Finished With Engines
by Colin Lock
Qantas longhaul flight engineers 1941 – 2009
When Qantas’ last Boeing 747-338 VH-EBV departed Sydney on 20 January 2009 a 67-year association between Qantas and flight engineers departed with it. This book recalls the story of that sometimes difficult association and gives details of all the men who proudly wore the purple and gold epaulettes in those years.
Although primarily concerned with the rise and demise of the flight engineer’s position within Qantas, a substantial amount of Qantas history is covered in the book. Also included are short biographies on each of the 500 flight engineers who flew with Qantas.
The book has 360 A4 pages with 60 mainly B&W images, and includes an index.
To order a copy, contact the author via email on email@example.com or write to ‘Book’ PO Box 1, Cronulla, NSW, 2230. The book retails for A$25 plus P&H.
by Kristen Alexander
Australian pilots in the Battle of Britain
“Australian Eagles” tells the stories of five Australian pilots and one adopted Australian who successfully defended Britain against the Luftwaffe onslaught. They rank among the nearly 3,000 men known as The Few. Heroes all who faced death daily;
Jack Kennedy of Sydney (Spitfire and Hurricane pilot of 238 Squadron)
Dick Glyde of Perth (Hurricane pilot of 87 Squadron)
Tasmanian Stuart Walch (Hurricane pilot of 238 Squadron)
Des Sheen of Canberra (Spitfire pilot of 72 Squadron)
John Crossman of Newcastle (Hurricane pilot of 46 Squadron), and
English-born James Coward who retired to Canberra (Spitfire pilot of 19 Squadron)
Three of the Australian Eagles were trained by the RAAF at Point Cook. One escaped death three times, one lost his leg, and four died.
Kristen Alexander vividly describes their training, combat and victories. She sensitively explores the impact of their achievements and loss on those who loved them. She also covers how they are remembered, more than 70 years after their great aerial battles.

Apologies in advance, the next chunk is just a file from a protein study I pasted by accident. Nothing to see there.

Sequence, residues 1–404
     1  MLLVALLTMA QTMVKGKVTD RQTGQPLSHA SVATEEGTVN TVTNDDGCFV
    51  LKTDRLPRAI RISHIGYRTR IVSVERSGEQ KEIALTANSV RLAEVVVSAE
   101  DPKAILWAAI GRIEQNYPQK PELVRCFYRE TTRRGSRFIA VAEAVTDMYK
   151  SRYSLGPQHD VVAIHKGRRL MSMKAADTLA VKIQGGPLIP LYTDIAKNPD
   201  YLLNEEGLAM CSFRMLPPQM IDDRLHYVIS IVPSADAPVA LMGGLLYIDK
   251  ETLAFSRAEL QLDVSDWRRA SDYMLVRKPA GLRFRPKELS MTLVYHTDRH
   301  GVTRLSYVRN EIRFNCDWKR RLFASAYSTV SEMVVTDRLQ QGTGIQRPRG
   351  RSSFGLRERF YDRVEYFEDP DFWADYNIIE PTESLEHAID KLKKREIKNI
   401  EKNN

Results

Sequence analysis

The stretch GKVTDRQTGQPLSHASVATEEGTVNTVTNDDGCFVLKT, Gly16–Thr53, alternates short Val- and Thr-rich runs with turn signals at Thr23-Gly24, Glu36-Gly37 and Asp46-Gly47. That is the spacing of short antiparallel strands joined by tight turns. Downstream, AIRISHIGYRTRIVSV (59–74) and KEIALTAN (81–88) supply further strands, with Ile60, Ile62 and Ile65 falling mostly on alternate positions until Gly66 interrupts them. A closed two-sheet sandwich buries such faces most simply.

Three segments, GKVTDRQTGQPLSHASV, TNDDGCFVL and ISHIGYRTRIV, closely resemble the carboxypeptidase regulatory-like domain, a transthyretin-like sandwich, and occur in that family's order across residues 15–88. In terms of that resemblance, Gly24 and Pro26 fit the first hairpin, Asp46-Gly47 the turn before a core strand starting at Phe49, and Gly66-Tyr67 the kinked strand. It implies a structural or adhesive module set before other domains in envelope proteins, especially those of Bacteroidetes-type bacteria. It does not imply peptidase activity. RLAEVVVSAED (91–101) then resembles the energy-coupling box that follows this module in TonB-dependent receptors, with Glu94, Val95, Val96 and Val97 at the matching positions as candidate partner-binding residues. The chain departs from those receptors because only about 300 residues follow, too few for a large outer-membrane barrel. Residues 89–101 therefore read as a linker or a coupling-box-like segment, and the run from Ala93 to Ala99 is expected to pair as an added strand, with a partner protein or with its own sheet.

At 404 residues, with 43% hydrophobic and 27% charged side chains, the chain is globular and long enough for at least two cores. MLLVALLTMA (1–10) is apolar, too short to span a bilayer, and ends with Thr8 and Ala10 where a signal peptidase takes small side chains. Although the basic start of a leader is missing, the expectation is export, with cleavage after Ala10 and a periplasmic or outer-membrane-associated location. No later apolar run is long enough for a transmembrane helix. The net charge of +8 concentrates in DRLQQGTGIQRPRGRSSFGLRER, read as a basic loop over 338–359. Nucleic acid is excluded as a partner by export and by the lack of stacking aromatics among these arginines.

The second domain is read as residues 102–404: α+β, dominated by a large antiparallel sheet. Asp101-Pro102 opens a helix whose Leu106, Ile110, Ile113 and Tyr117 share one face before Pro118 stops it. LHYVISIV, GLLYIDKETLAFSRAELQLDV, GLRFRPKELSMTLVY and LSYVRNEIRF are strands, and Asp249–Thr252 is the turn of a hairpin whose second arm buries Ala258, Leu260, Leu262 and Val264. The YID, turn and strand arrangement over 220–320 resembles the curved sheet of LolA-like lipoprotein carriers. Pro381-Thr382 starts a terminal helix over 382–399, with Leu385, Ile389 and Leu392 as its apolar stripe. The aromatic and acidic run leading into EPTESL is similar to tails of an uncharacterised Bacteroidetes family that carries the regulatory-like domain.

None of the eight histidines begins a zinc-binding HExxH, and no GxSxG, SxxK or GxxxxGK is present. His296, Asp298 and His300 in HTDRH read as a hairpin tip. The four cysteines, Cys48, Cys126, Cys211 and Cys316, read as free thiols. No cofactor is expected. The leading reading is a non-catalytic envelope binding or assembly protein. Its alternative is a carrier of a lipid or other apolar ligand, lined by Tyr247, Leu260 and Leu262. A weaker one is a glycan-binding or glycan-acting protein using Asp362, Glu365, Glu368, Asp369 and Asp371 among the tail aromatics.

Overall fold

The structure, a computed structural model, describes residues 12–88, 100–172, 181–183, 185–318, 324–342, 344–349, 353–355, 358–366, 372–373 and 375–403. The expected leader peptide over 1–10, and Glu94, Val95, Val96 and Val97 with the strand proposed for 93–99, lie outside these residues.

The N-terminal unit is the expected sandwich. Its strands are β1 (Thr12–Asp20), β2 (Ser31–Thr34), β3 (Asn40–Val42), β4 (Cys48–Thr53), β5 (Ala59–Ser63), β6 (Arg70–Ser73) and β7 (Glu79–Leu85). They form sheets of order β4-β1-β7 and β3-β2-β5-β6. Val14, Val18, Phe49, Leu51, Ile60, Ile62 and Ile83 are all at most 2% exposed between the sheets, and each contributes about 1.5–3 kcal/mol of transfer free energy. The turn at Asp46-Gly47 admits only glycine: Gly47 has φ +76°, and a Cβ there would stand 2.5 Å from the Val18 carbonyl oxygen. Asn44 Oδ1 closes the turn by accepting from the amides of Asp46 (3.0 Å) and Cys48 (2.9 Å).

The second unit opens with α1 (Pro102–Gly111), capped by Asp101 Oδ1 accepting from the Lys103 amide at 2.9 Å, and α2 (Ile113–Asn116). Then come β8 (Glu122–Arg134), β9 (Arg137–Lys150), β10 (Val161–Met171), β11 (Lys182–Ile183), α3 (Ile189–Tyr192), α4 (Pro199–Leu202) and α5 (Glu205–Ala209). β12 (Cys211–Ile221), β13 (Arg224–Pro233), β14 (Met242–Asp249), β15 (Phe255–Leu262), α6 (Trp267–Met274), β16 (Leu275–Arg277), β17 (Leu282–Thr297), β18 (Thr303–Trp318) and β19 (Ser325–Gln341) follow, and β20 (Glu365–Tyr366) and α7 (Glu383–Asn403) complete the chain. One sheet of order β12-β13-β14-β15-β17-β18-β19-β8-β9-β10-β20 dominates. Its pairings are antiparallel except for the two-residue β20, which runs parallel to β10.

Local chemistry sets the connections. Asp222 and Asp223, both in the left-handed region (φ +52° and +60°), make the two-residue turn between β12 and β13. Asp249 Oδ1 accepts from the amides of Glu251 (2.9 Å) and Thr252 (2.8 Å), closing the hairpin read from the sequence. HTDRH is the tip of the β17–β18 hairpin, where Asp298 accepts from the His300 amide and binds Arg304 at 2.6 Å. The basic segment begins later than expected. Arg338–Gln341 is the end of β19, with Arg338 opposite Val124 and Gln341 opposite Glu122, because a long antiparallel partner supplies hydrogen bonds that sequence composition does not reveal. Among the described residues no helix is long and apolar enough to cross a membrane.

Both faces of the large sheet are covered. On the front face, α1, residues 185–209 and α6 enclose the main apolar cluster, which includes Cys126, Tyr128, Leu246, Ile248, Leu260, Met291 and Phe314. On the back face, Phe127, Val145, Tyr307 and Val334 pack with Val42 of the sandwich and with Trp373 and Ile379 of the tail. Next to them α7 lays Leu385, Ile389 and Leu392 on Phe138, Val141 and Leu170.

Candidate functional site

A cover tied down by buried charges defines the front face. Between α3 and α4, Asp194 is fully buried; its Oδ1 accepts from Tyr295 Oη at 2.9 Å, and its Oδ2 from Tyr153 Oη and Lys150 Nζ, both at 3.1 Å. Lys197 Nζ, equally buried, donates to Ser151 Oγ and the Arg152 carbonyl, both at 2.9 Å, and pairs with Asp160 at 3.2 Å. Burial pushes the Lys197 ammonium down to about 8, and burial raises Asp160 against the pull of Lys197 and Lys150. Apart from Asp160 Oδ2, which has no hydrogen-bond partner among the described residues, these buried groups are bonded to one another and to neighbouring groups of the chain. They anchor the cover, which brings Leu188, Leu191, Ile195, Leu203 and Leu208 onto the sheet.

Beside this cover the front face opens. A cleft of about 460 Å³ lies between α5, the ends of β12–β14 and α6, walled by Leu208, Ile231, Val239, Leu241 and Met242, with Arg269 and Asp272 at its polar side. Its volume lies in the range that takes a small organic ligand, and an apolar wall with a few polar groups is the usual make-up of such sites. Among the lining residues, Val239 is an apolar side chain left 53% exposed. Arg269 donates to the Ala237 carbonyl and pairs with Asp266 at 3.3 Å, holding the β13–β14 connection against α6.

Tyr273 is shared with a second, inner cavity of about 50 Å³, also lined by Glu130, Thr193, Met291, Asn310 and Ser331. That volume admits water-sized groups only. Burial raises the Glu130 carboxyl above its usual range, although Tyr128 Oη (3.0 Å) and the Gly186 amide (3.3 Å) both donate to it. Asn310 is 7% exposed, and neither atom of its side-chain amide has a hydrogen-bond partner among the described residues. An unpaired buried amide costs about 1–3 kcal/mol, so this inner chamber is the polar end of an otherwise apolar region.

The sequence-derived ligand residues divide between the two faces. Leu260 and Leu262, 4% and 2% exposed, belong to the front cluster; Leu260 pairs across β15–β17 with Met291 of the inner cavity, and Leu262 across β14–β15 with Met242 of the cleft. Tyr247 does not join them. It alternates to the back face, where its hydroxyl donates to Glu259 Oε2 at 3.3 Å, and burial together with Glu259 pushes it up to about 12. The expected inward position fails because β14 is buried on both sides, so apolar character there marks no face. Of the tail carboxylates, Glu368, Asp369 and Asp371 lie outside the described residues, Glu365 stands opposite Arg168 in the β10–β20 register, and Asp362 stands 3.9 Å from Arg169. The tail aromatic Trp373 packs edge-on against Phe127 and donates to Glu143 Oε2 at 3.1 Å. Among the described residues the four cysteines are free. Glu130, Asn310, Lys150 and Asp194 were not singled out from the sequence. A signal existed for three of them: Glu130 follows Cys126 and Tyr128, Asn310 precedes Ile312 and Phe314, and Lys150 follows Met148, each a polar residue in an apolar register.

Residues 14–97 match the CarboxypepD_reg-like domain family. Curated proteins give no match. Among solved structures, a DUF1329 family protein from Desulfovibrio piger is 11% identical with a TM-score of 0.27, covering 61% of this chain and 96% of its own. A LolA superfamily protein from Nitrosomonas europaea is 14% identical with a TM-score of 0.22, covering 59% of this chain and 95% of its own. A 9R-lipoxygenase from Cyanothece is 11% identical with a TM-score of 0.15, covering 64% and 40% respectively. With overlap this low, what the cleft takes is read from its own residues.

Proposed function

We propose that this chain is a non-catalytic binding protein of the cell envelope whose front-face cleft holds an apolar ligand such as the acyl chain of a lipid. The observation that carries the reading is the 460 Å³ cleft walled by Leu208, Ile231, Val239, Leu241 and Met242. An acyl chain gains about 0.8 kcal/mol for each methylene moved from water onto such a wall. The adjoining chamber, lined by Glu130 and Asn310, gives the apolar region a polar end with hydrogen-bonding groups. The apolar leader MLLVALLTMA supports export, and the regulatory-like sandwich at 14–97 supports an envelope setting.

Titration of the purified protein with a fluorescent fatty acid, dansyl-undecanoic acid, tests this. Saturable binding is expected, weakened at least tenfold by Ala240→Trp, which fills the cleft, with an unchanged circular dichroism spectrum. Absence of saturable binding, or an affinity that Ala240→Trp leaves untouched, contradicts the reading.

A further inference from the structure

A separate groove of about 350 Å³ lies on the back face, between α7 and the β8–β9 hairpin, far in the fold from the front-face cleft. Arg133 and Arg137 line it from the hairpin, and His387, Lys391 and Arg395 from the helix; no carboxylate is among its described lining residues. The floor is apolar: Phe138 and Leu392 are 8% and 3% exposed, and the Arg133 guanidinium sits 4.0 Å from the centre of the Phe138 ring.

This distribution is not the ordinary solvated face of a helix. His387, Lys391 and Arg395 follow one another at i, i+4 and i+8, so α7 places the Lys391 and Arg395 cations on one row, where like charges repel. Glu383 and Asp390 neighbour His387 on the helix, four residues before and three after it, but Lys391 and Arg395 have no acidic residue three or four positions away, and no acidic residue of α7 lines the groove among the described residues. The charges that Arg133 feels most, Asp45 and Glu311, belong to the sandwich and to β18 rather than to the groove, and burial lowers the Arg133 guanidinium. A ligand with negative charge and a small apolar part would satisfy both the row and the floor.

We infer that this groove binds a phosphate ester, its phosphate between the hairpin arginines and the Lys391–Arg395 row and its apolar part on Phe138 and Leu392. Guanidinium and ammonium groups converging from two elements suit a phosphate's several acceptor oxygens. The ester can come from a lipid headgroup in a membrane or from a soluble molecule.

Click here to go to Kristen’s website for details about how to order.
by Brian George
An illustrated children’s poem
Written and illustrated by AHSA member Brian George. One of a series about the small country town of Bindaloo, it describes aircraft construction and conversion from military to a commercial airliner. Details of airline services and maintenance are outlined as are the shortcomings of hiring a barnstormer as chief pilot.
The books are designed for children aged 8 to 11 or any adult keen to encourage reading. They also include a quiz at the end to test the reader’s attentiveness.
Priced at $15.00 each. Other titles include:
To order a copy, contact the author by phone on (03) 9467 1534 or via email on firstname.lastname@example.org
Australia @ War
by Peter Dunn
A digital publication supplied on a USB memory stick
The “Australia @ War” USB Memory Stick will amaze you with the amount of historical information and rare photographs regarding military activities in Australia during WWII.
Learn about your relative’s military role in Australia during WWII
Discover the unknown history of Allied Army, Navy and Air Force Units in Australia during WWII